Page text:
A rare opportunity for northwest Ohio’s Jewish community to participate in the writing of a torah is set for March 26 at Chabad House of Greater Toledo, 2728 King Rd., in Sylvania Township.
From noon to 2 p.m. that day, attendees will learn how a torah is put together and can have a letter written into the scroll by an expert scribe for as little as a $1 donation.
While there is no charge to attend the event, cost for a buffet lunch being offered is $5 per person if ordered before March 20, and $10 per person after that. RSVP online at chabadtoledo.com/torah or call 419-843-9393.
The $40,000 project has been paid in advance by Stephen L. Goldman, a University of Toledo professor emeritus of biology and medicinal biochemistry who at one time was director of UT’s Lake Erie research and Stranahan Arboretum.
Mr. Goldman taught and held various administrative positions at UT from 1971 to 2010, mostly in environmental sciences. He has commissioned an authentic writing of the torah on parchment.
He said he is having the torah done as a gift to the community center.
Donations will go to Chabad House, Mr. Goldman said.
The new torah — to be painstakingly written by hand in the tradition of other torahs — is commissioned for Chabad House’s planned expansion. Sylvania Township’s zoning board of appeals recently approved a request for a 9,758-square-foot community center that will provide twice the space of the existing facility, which is to be demolished.
The next Chabad House will include space for Shabbat services and prayer. Being an orthodox institution, there will be a divider so men and women can sit separately. There also will be a special immersion pool, or mikvah, as well as space for holiday celebrations during Rosh Hashana and Yom Kippur, and for two-week-long religious camps held during the winter and summer.
The Chabad House describes itself on its website as “the nerve center of educational, communal, and outreach activities serving the needs of the entire Jewish community, from youngsters to the elderly, and everyone in-between.”
In an interview with The Blade inside his downtown Toledo town house, in a study where he surrounds himself with his desktop computer and stacks of classical music on compact discs, Mr. Goldman said he is offering the opportunity because the 613th mitzvah of the torah states it is the obligation of every Jew to write a torah scroll.
“Institutions usually do it,” Mr. Goldman said. “In this case, it’s an individual. It’s my gift to the community.”
Rabbi Yossi Shemtov of Chabad House said followers of the Jewish faith can fulfill their requirement by participating in the creation of a torah with as few as one letter, because no torah is complete without all of its letters.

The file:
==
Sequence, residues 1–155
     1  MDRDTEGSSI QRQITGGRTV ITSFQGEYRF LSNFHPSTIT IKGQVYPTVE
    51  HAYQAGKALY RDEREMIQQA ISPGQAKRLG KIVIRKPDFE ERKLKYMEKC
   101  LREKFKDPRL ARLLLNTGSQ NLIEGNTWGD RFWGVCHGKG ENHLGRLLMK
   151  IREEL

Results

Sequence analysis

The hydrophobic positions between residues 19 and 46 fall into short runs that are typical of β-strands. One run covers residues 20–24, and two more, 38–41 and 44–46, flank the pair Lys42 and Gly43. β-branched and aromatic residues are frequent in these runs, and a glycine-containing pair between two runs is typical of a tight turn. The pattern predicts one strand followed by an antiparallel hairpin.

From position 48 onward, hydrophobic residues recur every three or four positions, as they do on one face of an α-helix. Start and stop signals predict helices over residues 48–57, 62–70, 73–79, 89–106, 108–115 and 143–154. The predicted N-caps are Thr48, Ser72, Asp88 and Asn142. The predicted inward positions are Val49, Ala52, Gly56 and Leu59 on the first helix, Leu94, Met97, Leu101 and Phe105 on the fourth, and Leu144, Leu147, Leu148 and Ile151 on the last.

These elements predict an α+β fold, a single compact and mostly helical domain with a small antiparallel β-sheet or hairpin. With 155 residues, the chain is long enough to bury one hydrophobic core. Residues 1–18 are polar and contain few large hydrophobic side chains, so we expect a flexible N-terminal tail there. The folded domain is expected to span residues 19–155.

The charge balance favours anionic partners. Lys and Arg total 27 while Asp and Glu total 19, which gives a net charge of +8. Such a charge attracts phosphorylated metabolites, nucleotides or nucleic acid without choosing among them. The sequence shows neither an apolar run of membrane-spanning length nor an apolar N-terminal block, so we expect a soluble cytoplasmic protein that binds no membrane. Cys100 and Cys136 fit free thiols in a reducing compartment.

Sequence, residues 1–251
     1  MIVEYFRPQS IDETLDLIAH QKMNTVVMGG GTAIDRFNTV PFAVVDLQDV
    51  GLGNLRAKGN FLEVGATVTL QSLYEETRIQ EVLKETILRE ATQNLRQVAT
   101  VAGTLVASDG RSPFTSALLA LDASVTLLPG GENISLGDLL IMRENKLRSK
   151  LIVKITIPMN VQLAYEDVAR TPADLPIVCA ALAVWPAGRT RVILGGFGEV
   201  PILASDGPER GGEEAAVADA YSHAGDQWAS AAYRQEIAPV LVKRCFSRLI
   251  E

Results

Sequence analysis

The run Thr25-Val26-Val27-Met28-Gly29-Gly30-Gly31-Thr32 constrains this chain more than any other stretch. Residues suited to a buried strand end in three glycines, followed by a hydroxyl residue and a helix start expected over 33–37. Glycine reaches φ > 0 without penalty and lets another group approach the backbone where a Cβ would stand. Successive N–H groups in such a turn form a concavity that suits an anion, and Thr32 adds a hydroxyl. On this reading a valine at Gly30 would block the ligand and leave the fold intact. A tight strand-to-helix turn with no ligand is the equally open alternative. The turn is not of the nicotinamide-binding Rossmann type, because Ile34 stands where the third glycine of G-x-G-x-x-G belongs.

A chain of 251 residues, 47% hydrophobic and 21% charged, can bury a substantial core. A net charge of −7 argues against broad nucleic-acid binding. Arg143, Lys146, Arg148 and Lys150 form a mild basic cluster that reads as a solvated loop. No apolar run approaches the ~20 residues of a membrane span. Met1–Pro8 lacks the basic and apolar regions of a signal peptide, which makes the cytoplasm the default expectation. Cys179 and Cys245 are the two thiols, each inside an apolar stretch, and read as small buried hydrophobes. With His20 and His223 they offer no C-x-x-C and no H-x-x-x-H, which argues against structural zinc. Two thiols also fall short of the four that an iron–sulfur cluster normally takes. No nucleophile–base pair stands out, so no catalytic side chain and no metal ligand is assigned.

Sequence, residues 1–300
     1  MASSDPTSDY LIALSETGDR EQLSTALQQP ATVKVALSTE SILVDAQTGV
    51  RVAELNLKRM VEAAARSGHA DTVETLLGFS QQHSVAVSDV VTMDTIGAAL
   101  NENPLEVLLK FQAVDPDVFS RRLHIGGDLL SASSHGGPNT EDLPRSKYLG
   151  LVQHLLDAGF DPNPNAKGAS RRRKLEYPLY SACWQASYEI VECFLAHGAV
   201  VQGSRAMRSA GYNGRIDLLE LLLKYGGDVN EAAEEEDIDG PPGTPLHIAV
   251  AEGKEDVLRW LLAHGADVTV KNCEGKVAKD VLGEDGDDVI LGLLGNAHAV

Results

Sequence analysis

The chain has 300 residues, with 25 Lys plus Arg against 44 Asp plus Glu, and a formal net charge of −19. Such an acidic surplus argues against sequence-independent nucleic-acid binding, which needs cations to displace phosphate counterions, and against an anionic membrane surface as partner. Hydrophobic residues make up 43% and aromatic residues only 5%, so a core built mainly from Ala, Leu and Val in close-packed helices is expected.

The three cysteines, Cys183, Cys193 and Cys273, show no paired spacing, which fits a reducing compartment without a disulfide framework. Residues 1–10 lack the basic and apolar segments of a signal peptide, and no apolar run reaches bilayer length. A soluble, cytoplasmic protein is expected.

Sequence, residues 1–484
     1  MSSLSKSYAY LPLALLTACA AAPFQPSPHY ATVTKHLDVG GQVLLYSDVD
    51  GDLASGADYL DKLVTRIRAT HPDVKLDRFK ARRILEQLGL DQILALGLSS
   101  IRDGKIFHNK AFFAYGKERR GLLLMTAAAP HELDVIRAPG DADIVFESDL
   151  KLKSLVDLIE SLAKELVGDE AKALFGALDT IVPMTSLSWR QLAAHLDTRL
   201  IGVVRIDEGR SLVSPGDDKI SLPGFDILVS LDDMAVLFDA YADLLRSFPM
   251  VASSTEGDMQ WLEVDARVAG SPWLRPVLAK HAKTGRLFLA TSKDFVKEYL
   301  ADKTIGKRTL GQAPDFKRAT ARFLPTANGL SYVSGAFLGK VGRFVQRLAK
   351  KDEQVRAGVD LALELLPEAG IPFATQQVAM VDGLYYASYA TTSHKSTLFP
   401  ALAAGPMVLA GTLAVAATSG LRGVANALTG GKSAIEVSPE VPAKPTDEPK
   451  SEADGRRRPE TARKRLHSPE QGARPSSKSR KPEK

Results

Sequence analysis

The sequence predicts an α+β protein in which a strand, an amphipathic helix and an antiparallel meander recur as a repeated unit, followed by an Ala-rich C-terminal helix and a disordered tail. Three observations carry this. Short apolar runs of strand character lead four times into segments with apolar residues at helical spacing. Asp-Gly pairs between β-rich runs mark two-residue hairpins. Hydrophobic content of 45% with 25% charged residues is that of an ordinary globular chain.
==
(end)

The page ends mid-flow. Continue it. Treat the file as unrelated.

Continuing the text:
“If you write one letter in a torah, it is also counted as if you have written a whole torah,” Rabbi Shemtov said. “It’s a big fulfillment of a wish for many people.”
He said torahs have more than 300,000 letters.
Once the local inscriptions are made at the March 26 event, the scroll will be sent to Israel, where scribes will fill in most of the other letters over the next seven to 10 months. Then, there will likely be another local inscription event to complete the project, Rabbi Shemtov said.
The plan is to have the torah done in about a year so it is ready when the new community center opens. It will be housed there, Mr. Goldman said.
According to Jewish tradition, the entire torah — also known as the “Law of Moses” — was given by Moses on Mount Sinai, not just the Ten Commandments.
Moses — considered by Jews to be God’s servant — is believed to have ascended the mountain to hear from God and receive the torah on behalf of Jewish people as they were gathered at the base.
“For me, the torah is a civilizing document that teaches people how to behave,” Mr. Goldman said.
The torah is the document, he said, that sets boundaries and “teaches us what to do.”
“It teaches us [appropriate behavior] is not voluntary,” Mr. Goldman said. “It’s a commandment.”
The torah “is about standards that transcend time,” he added.
Now a 75-year-old survivor of lung and bone cancer, Mr. Goldman said he has been blessed with a good life.
He said he wanted donations to start at $1 to make the project affordable to as many people as possible.
Mr. Goldman said he is dedicating the upcoming torah in honor of Lubavitcher Rebbe — Rabbi Menachem Mendel Schneerson, the seventh leader in the Chabad-Lubavitch dynasty, who died in 1994 and is considered by many to be one of the most influential Jewish personalities of modern times.
He also said he is dedicating the project to the memory of his parents, Jonah and Evelyn Goldman, and his grandparents, Nathan and Yetta Gillman, and Joseph and Rachel Goldman.
Rabbi Shemtov called the project a “great expression of unity” made possible by Mr. Goldman’s generosity.
Inclusion of many people is important to reinforce the belief that “each one of us are indispensable to our community, indispensable to our people.”
“It’s a great reason for celebration,” Rabbi Shemtov said. “We want everyone to be part of it.”
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